Monday, 12 November 2018

Roses are red, rosé is pink.




Cast your mind back a few years. OK, a couple of decades - and remember sitting around the barbie on a stinking hot summer day. Cheap sausages, lamb chops, bucket hats, blokes who should really keep their shirts ON, Auntie Dot’s potato salad and fruit curry salad. The cicadas are kicking up a din and the magpies are crying out for their scraps.

What were we drinking? Of course, there was an Esky full of awful beer - in cans - for the gents and Chateau Carte d’Bourde for the ladies. Then along came Helen - that woman who always wore her diaphanous swirling frocks too short, pale lipstick and the oversize floppy hats with matching scarves. Oh, and who was she bringing today? A new chap apparently, but he had a buttonless shirt, a cricketer’s moustache and a shiny red MG.

Helen would bring her wine in bottles because she was a bit posh. And what was that pink stuff? ‘Mate’s’?

“Hello darlings, who’d like a rosé?”

Well, back when Dennis Lillee was bowling overs and Evonne Goolagong was winning Wimbledon, that’s all we knew. And it was MATEUS, from Portugal by the way. Note spelling.

It was a decent drop back then, as it is now. But today Aussies are producing plenty of the fine, delicate wine too, and just this week I had the opportunity for a bit of a history lesson at the recent ‘Taste of Sydney’ event.


Matt Dunne, head sommelier for the Solotel group (RE)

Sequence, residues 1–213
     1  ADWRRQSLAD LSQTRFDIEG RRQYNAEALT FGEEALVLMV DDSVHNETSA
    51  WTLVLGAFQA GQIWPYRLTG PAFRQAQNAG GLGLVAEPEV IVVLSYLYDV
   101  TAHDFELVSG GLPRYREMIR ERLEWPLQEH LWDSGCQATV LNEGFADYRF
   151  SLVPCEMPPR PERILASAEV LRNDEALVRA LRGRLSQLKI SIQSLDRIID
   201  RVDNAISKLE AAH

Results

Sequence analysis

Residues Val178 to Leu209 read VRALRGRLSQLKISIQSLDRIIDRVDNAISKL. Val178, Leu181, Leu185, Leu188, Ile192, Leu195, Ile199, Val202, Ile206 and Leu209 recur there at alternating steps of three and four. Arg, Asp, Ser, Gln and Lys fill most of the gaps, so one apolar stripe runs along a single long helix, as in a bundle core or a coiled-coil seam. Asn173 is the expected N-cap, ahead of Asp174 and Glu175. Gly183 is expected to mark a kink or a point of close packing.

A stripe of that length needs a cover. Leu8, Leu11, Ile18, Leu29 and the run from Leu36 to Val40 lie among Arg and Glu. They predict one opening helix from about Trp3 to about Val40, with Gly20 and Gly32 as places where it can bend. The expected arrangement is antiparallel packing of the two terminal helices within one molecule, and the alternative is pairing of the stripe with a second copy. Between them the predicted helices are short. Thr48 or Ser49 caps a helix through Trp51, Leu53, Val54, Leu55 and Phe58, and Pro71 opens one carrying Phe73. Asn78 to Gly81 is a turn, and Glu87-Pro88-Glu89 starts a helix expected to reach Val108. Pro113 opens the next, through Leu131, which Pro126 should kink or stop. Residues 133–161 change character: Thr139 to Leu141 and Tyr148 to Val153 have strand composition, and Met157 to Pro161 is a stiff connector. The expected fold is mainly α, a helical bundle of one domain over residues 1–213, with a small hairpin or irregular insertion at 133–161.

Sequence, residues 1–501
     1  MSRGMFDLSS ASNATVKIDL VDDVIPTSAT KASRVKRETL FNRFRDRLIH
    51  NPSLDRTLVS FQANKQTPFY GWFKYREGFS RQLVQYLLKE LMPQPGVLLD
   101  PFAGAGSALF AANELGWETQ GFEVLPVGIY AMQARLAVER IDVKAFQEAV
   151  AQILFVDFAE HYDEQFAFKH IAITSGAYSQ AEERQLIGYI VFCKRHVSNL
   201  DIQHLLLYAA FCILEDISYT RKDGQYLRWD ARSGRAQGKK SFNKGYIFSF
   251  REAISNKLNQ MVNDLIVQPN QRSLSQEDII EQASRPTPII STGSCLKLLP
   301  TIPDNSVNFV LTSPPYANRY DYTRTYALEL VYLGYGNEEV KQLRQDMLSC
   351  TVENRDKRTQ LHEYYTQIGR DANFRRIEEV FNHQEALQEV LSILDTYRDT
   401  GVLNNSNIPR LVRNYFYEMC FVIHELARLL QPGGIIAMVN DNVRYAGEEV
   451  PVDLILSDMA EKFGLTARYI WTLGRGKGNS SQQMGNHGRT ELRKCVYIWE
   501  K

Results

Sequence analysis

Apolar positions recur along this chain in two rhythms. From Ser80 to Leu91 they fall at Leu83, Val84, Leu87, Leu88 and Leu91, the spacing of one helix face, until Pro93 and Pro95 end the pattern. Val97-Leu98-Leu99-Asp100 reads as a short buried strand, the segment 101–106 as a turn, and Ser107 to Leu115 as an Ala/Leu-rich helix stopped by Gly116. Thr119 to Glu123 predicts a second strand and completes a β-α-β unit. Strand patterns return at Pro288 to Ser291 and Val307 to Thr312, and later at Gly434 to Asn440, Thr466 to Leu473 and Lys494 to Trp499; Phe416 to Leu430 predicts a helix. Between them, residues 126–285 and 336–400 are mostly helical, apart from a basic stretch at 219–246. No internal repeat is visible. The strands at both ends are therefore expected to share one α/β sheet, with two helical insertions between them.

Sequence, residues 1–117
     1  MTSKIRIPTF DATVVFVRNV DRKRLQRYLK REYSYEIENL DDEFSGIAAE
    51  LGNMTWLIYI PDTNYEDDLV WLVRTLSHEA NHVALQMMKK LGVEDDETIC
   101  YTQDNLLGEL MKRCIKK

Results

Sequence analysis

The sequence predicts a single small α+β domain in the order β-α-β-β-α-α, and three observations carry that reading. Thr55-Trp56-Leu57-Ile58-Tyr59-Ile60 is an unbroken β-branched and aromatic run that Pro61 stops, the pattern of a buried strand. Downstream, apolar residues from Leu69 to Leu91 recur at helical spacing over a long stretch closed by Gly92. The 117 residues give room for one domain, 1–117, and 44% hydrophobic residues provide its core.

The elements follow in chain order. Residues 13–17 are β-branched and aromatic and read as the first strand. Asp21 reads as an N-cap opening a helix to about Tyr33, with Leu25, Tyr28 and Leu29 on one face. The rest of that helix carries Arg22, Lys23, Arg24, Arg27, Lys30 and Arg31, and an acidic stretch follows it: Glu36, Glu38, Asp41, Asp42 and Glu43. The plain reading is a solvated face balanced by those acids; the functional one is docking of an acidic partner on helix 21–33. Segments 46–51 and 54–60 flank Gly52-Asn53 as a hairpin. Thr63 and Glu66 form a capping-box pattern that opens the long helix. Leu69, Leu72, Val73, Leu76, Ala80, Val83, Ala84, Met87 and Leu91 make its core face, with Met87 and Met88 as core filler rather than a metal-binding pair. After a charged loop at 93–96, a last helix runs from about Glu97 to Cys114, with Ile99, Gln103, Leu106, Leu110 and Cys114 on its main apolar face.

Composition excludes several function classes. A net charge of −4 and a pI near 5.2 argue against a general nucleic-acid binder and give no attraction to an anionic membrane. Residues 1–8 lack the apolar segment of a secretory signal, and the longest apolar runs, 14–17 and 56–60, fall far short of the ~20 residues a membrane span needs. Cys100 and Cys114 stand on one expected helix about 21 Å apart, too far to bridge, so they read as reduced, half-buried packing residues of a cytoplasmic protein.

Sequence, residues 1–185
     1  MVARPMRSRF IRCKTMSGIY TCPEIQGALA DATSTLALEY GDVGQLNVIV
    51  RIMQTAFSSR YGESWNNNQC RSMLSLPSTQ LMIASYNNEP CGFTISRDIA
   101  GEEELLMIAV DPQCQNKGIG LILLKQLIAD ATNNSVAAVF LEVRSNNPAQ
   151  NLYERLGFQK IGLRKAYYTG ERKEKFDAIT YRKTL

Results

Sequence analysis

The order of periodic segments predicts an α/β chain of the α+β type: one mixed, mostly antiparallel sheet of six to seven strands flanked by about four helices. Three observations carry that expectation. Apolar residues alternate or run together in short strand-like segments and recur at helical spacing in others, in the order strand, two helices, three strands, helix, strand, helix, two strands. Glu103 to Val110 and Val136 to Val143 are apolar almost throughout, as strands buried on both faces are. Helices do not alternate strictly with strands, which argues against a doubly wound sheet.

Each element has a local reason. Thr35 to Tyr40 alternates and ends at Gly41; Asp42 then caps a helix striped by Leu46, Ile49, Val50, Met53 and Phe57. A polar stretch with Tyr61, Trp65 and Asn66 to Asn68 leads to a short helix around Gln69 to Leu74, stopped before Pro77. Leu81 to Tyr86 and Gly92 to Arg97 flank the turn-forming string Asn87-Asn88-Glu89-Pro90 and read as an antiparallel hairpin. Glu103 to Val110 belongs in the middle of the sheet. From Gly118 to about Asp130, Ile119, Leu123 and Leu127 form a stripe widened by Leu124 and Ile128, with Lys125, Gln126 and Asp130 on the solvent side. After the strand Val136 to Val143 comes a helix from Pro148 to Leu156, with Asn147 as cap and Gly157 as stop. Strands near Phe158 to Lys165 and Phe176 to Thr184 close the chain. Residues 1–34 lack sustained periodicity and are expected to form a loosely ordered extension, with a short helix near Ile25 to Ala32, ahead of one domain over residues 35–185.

The charming Matt Dunne, head sommelier for the Solotel group (read: Aria, Quay Bar, Opera Bar and 27 others) was at hand to guide me a little with this lesser-known wine style.

“First of all, you should know that rosé is probably the fastest growing wine style in Australia right now,” Matt says in his quiet, authoritative voice, “one and a half million bottles were exported to Australia (from France) last year, up some 50% from 2016.”


Vins De Provence Rosé. Just a few of the premium French brands. (RE)
And why shouldn’t it be? It’s agreeable to both men and women, who drink it in equal measure and it’s perfectly suited to the foods Australians love to eat.

“Rosé is the ideal accompaniment to Thai green chicken curry,” Matt says.

And where does the best rosé come from? Well, it’s easy to be biased under these circumstances, but the 3000 hours of sunlight every year in Provence makes this region pretty hard to go past. 

Unusual varietals such as mataro, tibouren, cinsault and rolle (aka vermentino) all make for very interesting tasting indeed. Australian rosé tends to be confined to our more familiar grape types such as grenache and cabernet sauvignon.

How to drink rosé? Chilled of course, in a standard red or white wine glass and ideally suited to a wide variety of foods, particularly cheeses, cold salads and seafood. It’s very easy to drink thanks to its simplicity, even palate and low acids.


Rosé is the perfect summer drinking wine
“How do you tell a good rosé?” we asked Matt.

“Balance, length, intensity and concentration. Colour should be a pale salmon or 'onion skin'.”

But don’t get all caught up in the technicals. Wine is for drinking and rosé has to be one of the easiest and most enjoyable wines at any time. Posh Helen was right all along!

A guest blog from Roderick Eime, who was a guest of Vins de Provence Rosé #provencewinesaustralia


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